The Proof is in the Pudding: Putin’s Pivot to Asia
Monday March 26, 4.30 pm, PAC 001
Dr. David Abramson, Senior Analyst in the Office of Analysis for Russia and Eurasia at the U.S. Department of State. will discuss the drivers of Russia’s outreach in Asia and its prospects for success.
Putin initiated his pivot to Asia policy even before the West began imposing sanctions on Russia in response to its annexation of Crimea and invasion of eastern Ukraine in 2014. Putin’s reaction to the U.S. and European-led condemnation was to double down and demonstrate that Russia had partners other than the West and would not remain isolated. Consequently, Moscow has been reaching out actively to both familiar and nontraditional partners in Asia, but has a long way to go in building trust and following through on its commitments beyond the optics of trying to reestablish itself as a global power.
Dr. David Abramson (Wesleyan Class of 1987, Russian Language and Literature) is senior analyst covering Russia’s relations with Asia for the U.S. Department of State’s Bureau of Intelligence and Research, Office of Analysis for Russia and Eurasia. He previously worked for many years as a Central Asia analyst, focusing primarily on Uzbekistan, Tajikistan, Kyrgyzstan, and Islamic trends in Eurasia.
During 2001-2005, Dr. Abramson spent four years in the Department’s Office of International Religious Freedom, monitoring and promoting religious freedom in the Middle East as an element of U.S. foreign policy, advising on outreach to the Muslim world, and engaging with Muslim-American communities.
Dr. Abramson also teaches courses on Central Asia at Georgetown University and has published on Islam, national identity, and foreign assistance in Central Asia, and on anthropologists working on national security. He received his doctorate in Cultural Anthropology from Indiana University where he specialized in community and conflict in post-Soviet Uzbekistan.
Please join us for a lecture by Daria Ezerova,
“Derelict Futures: Soviet Industrial Space in Contemporary Russian Culture.”
Tuesday Dec. 5, 11:50-1:00, 112 Boger Hall
Daria Ezerova is a Ph.D. candidate in the Department of Slavic Languages and Literatures at Yale University. Her dissertation is titled “Derelict Futures: The Spaces of Socialism in Contemporary Russian Literature and Film.” Her research focuses on contemporary Russian culture and the extent to which it demonstrates the continuity of Soviet models of representation. She considers examples from literature, drama, and film from the early 1990s to the mid-2000s and compares them with the landmarks of Soviet culture. The primary focus of her dissertation is the representation of space. Through exploring the interrelationship between space and time in the periods of radical political transition, she argues that after the fall of the USSR capitalism substituted itself for Soviet Marxism as the tutelary spirit that invested space with a sense of the future, and Russian culture briefly renewed its belief in progress. But this optimism proved to be short-lived: in the Putin era, a new sense of space emerged in the literary and cinematic counter-culture that that was marked by the acute absence of any scenario suggesting temporal progress.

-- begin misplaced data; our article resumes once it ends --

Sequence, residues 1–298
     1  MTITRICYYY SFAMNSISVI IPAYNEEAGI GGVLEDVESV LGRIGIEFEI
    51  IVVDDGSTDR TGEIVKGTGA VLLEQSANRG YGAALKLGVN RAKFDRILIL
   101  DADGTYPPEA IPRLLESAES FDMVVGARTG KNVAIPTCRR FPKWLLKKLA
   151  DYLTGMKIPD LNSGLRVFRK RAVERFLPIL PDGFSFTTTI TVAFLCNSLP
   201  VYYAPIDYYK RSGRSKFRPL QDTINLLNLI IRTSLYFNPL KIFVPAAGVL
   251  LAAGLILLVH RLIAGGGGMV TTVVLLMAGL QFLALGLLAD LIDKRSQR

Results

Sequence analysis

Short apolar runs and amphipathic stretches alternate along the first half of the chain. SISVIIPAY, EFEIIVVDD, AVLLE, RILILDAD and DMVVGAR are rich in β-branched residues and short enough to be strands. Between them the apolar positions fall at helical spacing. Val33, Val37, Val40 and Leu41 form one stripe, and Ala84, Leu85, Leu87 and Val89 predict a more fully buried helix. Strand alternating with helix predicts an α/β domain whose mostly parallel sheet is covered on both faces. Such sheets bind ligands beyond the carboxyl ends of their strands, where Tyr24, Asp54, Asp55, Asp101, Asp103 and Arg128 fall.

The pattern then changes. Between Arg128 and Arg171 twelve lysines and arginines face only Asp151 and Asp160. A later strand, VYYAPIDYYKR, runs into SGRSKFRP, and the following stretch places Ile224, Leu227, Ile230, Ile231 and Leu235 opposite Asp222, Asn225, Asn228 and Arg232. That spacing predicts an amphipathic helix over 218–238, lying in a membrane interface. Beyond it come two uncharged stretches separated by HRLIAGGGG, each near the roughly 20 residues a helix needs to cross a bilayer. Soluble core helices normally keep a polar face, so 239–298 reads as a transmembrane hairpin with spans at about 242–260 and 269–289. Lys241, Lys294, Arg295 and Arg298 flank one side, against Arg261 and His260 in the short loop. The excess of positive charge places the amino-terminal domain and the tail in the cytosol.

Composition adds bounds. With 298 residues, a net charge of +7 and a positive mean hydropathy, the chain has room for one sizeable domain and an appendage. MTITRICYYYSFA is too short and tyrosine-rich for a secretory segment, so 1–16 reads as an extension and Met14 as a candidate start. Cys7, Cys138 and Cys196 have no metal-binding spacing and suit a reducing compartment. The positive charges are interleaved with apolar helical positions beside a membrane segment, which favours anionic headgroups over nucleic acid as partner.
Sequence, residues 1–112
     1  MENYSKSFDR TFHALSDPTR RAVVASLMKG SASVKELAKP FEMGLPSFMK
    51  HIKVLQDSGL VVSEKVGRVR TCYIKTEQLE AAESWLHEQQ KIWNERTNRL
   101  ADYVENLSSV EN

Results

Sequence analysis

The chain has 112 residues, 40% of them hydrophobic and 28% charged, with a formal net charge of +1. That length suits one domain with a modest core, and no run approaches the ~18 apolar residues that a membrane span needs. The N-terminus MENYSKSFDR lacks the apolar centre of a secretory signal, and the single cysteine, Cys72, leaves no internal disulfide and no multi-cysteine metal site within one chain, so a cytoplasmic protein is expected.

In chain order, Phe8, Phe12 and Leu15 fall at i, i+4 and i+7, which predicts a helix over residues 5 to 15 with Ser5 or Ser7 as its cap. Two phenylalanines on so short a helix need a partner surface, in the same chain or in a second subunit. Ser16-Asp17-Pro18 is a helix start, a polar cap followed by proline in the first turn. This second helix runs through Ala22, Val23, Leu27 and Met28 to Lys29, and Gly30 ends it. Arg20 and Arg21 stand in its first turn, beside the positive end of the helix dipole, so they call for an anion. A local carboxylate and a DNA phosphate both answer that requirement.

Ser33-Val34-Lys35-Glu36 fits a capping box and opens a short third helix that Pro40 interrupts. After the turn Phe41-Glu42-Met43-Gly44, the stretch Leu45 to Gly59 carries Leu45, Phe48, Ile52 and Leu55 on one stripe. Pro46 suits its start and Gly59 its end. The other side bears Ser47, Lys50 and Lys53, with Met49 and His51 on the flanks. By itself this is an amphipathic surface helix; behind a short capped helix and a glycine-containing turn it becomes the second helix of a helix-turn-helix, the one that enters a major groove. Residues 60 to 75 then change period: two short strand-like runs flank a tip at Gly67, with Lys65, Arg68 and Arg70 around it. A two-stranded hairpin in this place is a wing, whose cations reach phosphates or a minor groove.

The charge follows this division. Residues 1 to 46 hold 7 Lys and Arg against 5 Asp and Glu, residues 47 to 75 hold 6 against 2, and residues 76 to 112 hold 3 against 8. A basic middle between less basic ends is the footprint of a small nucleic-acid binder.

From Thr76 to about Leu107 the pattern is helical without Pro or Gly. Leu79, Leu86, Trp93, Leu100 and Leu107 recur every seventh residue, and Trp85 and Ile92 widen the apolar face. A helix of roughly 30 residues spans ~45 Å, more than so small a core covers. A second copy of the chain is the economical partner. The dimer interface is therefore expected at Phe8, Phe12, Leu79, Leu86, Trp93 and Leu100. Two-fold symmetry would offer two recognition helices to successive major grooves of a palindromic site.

African Students Association’s Africa Week!
Tomorrow, Tuesday, November 28th, 2017 will kick off our first event with a film screening of Stories of Our Lives, which is a Kenyan film that was released in 2014 and created by The Nest Collective, a Nairobi-based arts collective. The film is an anthology of five short films dramatizing true stories of LGBT lives in Kenya. The screening will take place tomorrow in the Ring Family Performing Arts Hall at 7 pm We look forward to seeing you!
Dear Wesleyan students,
November 13-17 marks this year’s International Education Week, an initiative that is cosponsored by the U.S. Department of State and the U.S. Department of Education in order to highlight the importance of global learning on our university campuses.
The Fries Center for Global Studies staff has put together a rich agenda of week-long activities in recognition of this initiative, activities that are intended to be informative, engaging and fun! Check out what’s available by clicking on the image below. Most importantly, mark your calendars and come celebrate with us in Fisk 201 to meet the Wes in the World Photo Contestants!
We look forward to seeing you there! Sincerely, The FCGS Staff
DANZA ORGÁNICA: Marsha Parrilla
TALK and PARTICIPATORY DISCUSSION
Friday, November 3, 1:40PM
Schonberg Studio, 247 Pine Street
Puerto Rico was hit by the worst hurricane in over a century. There is currently a humanitarian crisis. Hurricane María left the entire island without electricity, water, and has taken the homes of thousands of Puerto Ricans. The country is completely devastated. The ecological damage is tremendous, and there is a public health crisis.
- there is no electricity or tap water
- water is contaminated in the entire island (there is a strong need for water filters)
- there are outbreaks of: leptospirosis, conjunctivitis, and gastrointestinal disorders
- around 7,000 additional people are living in shelters post Maria
Danza Orgánica (DO), directed by Marsha Parrilla, is a dance theater company that uses movement to generate awareness around social justice concerns. It’s newest work, MELAZA explores de colonial relationship between Puerto Rico and the United States of America. It has also served as a platform to generate awareness around Hurricane Maria, and raise funds towards grassroots organizations.